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Lothar de Maizière's Government Program (April 19, 1990)

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The actual problems of our world – we all know it – are not German-German or East-West problems. The actual problems stem from the structural inequity between North and South.

If a mortal threat to human life is not to emerge from this inequity, then we, too, must participate in fighting it. The establishment of a more just international economic order is not only a matter for the Great Powers or the U.N.; rather, it is the task of every member of the community of nations.

The peaceful coexistence of Germans and foreigners in our country can also contribute to a new quality of togetherness among different peoples.

Clarifying the legal situation of our fellow citizens of foreign descent and appointing representatives for foreigners at different levels will be just as necessary as promoting initiatives that allow cultural diversity to be experienced as enrichment. The liberation of Nelson Mandela and the abolition of apartheid in South Africa, the fate of the tropical rain forests, aid for the Third World – these problems concern us just as much as our own do. In fact, they are our own problems.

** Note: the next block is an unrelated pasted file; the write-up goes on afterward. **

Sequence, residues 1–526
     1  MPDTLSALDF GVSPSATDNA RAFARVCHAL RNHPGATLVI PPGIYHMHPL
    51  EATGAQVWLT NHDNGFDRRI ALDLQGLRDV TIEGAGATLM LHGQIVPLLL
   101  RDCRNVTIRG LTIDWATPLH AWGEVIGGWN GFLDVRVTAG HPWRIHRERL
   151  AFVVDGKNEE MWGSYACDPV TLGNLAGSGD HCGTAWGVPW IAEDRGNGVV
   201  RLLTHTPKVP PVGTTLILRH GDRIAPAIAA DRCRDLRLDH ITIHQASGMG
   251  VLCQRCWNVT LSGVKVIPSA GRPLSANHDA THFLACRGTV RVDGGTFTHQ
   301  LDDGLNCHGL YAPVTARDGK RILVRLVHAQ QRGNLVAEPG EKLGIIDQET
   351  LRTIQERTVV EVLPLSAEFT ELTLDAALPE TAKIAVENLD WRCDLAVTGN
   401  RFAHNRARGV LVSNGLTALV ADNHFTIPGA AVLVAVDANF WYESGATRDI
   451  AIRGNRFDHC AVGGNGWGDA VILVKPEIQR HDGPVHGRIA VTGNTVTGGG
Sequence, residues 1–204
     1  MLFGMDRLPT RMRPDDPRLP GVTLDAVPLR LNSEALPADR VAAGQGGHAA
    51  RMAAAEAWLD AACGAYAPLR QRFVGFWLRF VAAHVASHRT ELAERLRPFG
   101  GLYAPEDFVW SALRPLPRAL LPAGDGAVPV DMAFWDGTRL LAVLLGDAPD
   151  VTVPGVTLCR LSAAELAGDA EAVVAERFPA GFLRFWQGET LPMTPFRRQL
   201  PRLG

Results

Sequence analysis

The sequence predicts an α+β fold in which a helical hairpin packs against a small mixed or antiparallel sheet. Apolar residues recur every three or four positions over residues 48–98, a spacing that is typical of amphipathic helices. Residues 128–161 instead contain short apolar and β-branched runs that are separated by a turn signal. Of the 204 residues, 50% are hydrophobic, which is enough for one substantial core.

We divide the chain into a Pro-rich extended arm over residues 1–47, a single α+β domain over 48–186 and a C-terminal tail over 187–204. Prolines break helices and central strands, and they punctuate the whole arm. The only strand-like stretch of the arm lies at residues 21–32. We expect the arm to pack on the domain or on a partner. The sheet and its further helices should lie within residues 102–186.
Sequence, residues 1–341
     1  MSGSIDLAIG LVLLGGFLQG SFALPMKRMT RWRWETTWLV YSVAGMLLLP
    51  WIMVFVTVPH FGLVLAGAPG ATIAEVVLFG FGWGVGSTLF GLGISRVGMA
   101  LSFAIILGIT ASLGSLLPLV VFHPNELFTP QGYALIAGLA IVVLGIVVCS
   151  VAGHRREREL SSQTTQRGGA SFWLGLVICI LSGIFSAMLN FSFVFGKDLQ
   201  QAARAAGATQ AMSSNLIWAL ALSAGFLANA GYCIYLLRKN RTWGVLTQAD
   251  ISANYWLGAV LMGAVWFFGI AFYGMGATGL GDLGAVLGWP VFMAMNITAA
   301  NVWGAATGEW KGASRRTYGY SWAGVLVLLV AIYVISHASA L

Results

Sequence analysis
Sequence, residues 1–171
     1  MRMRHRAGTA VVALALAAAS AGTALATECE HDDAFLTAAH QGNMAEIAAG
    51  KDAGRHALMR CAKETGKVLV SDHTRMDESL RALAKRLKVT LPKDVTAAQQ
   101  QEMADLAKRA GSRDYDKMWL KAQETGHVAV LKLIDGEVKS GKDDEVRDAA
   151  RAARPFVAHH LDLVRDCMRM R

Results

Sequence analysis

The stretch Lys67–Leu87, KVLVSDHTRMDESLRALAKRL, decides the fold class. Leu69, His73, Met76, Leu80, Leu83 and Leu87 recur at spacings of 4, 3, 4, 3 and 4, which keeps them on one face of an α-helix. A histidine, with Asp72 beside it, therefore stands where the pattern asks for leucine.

We know that our ability to solve our own problems depends on how ready we are to see the problems of others as well.

Madam President,
Distinguished members of parliament!

The coalition government that has been formed faces great, difficult, and very concrete tasks that require clear and strategic decisions.

The economic policy goal of the coalition government involves converting the previous state-controlled command economy into an ecologically-oriented social market economy.

As Much Market as Possible and as Much State as Necessary
The transition from a state planned economy to a social market economy must proceed in quick but orderly steps. Over the next several months, both will have to exist side by side, whereby we need to work according to the motto, "as much market as possible and as much state as necessary." In this context, we attach the utmost importance to competition among all enterprises. It is the most important regulating factor in a market economy.

The governing coalition will pass laws to promote the stability and growth of the economy, an anti-trust law, a revision of the banking law, and above all it will introduce a law on breaking up combines and large-scale enterprises in order to create productive enterprise units typical for their respective branches.

In this context, the functions and structure of the Trusteeship Agency [Treuhand-Anstalt] need to be fashioned in such a way that an instrument is created with which to break up state-owned enterprises and convert them into appropriate organizational forms. The dismantling of the planning system, as it has existed until now, should be largely complete by the time the monetary union takes effect.

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